Some Republicans and conservative economists say the benefits,
which in many cases pay workers more than they earned at their
former jobs, is a disincentive to returning to work.
A study published last month by Yale University economists found
that workers with more generous jobless benefits didn't experience
larger employment declines when the benefits took effect and that
they have returned to their previous jobs at similar rates as
Michael Strain, an economist at the right-leaning American
Enterprise Institute, said the $600 benefits likely didn't dissuade
many from returning to work this spring, when wide swaths of the
economy were closed. But he said maintaining benefits at that level
until next year, as House Democrats proposed, would discourage
Americans from rejoining the labor force as the economy begins to
recover from the pandemic.
"It's not reasonable to pay workers more in unemployment
benefits than they make at their jobs," he said. "Doing so would
keep the unemployment rate high longer than it should be."
Alix Gould-Werth, director of family economic security policy at
the left-leaning Washington Center for Equitable Growth, said the
$600 payments succeeded in propping up consumer spending and
allowing Americans to buy groceries and pay rent.
She is skeptical that smaller additional payments of $300 or
$400 a week would be as effective. She projected those payments
wouldn't arrive until September and expects the emergency funds Mr.
Trump directed to be used for such benefits would be exhausted in
about five weeks.
The federal government spent an average of $16.6 billion on the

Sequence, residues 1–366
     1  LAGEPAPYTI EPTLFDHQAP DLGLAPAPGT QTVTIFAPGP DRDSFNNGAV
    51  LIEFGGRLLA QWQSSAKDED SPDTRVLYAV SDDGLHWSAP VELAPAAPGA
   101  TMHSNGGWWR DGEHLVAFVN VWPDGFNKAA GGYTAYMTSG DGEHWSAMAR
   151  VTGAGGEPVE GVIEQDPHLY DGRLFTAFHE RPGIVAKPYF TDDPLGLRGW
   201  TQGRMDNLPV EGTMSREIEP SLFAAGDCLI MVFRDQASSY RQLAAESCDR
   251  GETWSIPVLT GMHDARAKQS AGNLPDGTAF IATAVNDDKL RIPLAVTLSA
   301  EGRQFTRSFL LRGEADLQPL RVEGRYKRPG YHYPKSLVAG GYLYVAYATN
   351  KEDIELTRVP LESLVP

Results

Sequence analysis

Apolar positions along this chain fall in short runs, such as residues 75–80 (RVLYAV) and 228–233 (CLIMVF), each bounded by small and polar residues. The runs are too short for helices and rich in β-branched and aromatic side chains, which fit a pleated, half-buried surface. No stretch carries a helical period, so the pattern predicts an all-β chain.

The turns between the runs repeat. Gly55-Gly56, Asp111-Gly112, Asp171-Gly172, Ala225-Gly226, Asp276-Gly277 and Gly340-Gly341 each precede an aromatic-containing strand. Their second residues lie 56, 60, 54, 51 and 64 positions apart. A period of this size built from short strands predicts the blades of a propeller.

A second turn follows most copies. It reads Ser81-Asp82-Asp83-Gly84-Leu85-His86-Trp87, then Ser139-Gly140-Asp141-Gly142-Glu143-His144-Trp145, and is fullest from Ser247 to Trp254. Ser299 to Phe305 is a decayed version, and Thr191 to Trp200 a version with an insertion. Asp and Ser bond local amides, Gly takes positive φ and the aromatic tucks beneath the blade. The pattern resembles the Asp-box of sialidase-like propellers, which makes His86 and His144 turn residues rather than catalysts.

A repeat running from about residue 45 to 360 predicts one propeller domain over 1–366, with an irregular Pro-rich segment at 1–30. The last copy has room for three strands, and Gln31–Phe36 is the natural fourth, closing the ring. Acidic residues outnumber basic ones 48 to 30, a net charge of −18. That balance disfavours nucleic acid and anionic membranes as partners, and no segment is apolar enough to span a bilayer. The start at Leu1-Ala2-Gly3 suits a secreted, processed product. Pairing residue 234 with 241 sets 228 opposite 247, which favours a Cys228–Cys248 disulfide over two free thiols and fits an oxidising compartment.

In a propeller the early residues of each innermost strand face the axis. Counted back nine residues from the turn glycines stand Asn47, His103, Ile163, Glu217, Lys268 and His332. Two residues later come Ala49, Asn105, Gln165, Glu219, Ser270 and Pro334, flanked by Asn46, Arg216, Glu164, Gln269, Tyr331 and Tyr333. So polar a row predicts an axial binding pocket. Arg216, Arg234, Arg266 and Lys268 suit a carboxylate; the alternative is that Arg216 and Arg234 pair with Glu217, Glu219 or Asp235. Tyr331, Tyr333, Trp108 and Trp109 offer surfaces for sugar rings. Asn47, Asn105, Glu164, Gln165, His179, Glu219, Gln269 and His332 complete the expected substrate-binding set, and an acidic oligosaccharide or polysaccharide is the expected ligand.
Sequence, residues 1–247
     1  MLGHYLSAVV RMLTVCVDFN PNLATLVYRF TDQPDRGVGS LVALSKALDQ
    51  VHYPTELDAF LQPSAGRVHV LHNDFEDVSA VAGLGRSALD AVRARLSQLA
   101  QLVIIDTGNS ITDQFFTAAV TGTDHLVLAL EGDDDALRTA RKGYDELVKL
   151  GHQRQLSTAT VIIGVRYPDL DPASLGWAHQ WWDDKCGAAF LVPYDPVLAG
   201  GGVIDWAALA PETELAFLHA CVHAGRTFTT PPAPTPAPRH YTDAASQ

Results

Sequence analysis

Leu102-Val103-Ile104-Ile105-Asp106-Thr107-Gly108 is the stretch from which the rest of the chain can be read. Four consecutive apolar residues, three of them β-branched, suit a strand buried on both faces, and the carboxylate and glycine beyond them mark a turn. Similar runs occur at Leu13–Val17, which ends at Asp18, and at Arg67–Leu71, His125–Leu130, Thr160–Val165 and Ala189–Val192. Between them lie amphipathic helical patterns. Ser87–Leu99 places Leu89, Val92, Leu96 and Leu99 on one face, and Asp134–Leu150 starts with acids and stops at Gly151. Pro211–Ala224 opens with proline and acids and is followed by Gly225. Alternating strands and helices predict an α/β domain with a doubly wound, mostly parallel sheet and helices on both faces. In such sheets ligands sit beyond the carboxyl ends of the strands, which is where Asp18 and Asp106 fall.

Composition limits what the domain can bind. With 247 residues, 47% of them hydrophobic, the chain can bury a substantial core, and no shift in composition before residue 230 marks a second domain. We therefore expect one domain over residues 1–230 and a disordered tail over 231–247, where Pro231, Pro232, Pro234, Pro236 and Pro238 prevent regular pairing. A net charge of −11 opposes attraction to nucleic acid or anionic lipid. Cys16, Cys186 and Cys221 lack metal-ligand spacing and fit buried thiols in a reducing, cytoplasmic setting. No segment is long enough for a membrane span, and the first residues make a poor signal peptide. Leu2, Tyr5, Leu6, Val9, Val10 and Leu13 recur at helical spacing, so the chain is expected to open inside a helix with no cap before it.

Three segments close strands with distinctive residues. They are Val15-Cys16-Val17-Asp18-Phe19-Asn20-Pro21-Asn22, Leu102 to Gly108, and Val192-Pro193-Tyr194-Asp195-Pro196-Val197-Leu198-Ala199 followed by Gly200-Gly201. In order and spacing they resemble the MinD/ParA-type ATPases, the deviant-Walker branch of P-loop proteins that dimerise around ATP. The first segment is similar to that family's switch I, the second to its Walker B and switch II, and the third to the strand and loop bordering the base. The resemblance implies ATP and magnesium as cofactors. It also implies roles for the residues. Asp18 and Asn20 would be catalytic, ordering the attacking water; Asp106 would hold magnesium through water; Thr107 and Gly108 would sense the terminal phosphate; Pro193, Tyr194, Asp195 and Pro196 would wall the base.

$600 enhanced benefits in the last four weeks of July, according to
the Labor Department data. Renewing benefits at half that rate, or
about $8.3 billion a week, would exhaust the $44 billion Mr. Trump
allotted in under six weeks.
"The reduction in benefits will hurt workers, particularly
low-wage workers and workers of color," Ms. Gould-Werth said.
Claudia Peterson tapped the unemployment benefits, including the
extra $600, during two furloughs from Wallis Annenberg Center for
the Performing Arts in Beverly Hills, Calif. Ms. Peterson, who
remains unemployed, said through last month the combination of
federal and state benefits roughly replaced her wages as a
technical director at the theater. That allowed her to keep up with
rent and order food from restaurants as she sought to support local
Now that the benefits have expired, she said she asked her
landlord to defer rent, but the landlord, an individual, is unable
to get a deferral on the mortgage, Ms. Peterson said. An additional
benefit of $300 or $400 a week would keep her financially afloat,
she said, but isn't enough to allow her formerly self-employed
roommate to make rent. The 29-year-old added she isn't optimistic
she would receive such an enhanced payment before her rent is next
"I don't feel very secure. At this point I'm trying not to spend
any money," Ms. Peterson said. "I'd love to work, but there's not
any work to be had."
Write to Eric Morath at email@example.com
(END) Dow Jones Newswires
August 11, 2020 14:15 ET (18:15 GMT)
Copyright (c) 2020 Dow Jones & Company, Inc.